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The Real Estate sector had a huge wish list for the Finance Minister and we are happy that a few things recommended by us have seen the light of the day. Needless to say, affordable housing stole the show at the Union Budget 2016-17. The Housing sector saw a gamut of policies that aimed at providing a demand side as well as supply side impetus to affordable housing. Coupled with this, there was much-needed focus on the infrastructure, digitisation of transactions and rural housing. Let us delve a little deeper and decipher the impact of each of the policies announced under the real estate sector.

Infrastructure status to affordable housing

Affordable Housing finally gets infrastructure status. The Indian realty sector had been mooting this move for the longest possible time and it couldn’t be happier. So, the direct impact of infrastructure status to affordable housing means easier availability of funding. Developers can now have access to funds at lower rates and for longer terms. Moreover, this also implies more investment from External Commercial Borrowings (ECBs) and Insurance Funds. The demand for affordable housing is huge and with a move like this, we hope to see more supply of affordable housing to bridge the gap. Infrastructure status also means speedier sanctions and approvals. However, it would be appreciated if the term “Affordable Housing” is more clearly defined in this context. The lesser the areas of doubt, the more the positive impact of the policy.

However, going by the last updated definition of RBI-"Affordable segment means in the non-metros, the loan amount would be Rs. 40 lacs for the property value of Rs 50. lacs and in the metros the loan amount would be Rs. 50 lacs for the property value of Rs. 65 lacs. There are six metros in the country: Mumbai, Chennai, Kolkata, Delhi, Hyderabad and Bangalore."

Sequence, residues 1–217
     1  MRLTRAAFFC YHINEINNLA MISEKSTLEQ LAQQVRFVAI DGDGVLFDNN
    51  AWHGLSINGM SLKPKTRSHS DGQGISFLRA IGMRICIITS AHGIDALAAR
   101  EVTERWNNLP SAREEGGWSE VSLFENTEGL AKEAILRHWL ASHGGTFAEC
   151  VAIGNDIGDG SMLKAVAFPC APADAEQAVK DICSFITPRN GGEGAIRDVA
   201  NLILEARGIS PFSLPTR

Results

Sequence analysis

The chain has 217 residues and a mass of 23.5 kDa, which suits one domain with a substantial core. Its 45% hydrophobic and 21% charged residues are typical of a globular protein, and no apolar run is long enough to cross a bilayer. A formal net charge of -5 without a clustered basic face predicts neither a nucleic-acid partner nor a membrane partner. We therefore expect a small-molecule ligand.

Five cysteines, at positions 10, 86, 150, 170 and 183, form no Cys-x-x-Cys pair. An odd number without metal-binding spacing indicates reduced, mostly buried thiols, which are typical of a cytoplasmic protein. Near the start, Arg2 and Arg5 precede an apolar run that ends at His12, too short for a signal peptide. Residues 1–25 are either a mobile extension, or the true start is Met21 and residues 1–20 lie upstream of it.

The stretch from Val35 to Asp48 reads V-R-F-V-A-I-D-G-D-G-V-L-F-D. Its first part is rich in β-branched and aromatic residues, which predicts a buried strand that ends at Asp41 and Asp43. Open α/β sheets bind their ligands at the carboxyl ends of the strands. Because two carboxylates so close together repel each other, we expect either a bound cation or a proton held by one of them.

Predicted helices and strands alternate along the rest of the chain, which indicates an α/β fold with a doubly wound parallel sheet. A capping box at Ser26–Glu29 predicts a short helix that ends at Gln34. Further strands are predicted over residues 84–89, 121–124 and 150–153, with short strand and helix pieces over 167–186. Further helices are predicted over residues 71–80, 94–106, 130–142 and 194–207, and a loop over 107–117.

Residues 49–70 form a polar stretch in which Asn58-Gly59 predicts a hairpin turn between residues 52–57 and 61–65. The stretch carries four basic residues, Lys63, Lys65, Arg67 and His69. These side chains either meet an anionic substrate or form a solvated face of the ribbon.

If we do an impact analysis we can see that around 60% of the supply in India (Tier I and Tier II combined) falls in the affordable housing segment. Hence, the proposal to give infrastructure status to affordable housing is expected to have a big impact on the Indian real estate.
Concentration of affordable segment in India   Vol: 5
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More allocation to Infrastructure Sector

Finance Minister Arun Jaitley has upped the allocation to infrastructure funding to a record Rs.3.96 lakh crores. Infrastructure development and real estate progress go hand-in-hand. A fund of Rs.64,000 crores towards building the National Highways and 2000 kilometers of coastal road connectivity will go a long way in complementing development in the real estate sector. Connecting cities with remote areas, opening up access to more commercial zones and increasing demand for residential space is sure to be a precursor to many realty growth stories.

Transit-oriented development is an important part of Real estate and metro rails have played an important role in it. In the past couple of years we have seen metro rail development in cities like Jaipur, Bengaluru and Hyderabad spurring residential realty growth. A new Metro Rail policy is round the corner and this aims at rationalisation of existing rules and more private sector participation.

Carpet area replaces Built-up area in Section 80 IB

The Section 80 IB recommended last year stated that exemption from service tax will be provided on construction of affordable houses up to 60 square metres under any scheme of the Central or State Government including PPP Schemes. However, the area mentioned was built-up area. This year that has been changed to carpet area and this increases the area covered by 30%. He also said that the limit will apply only in case of municipal limits of 4 metropolitan cities while for the rest of the country including in the peripheral areas of metros, a limit of 60 will apply.
Top Gainers Thane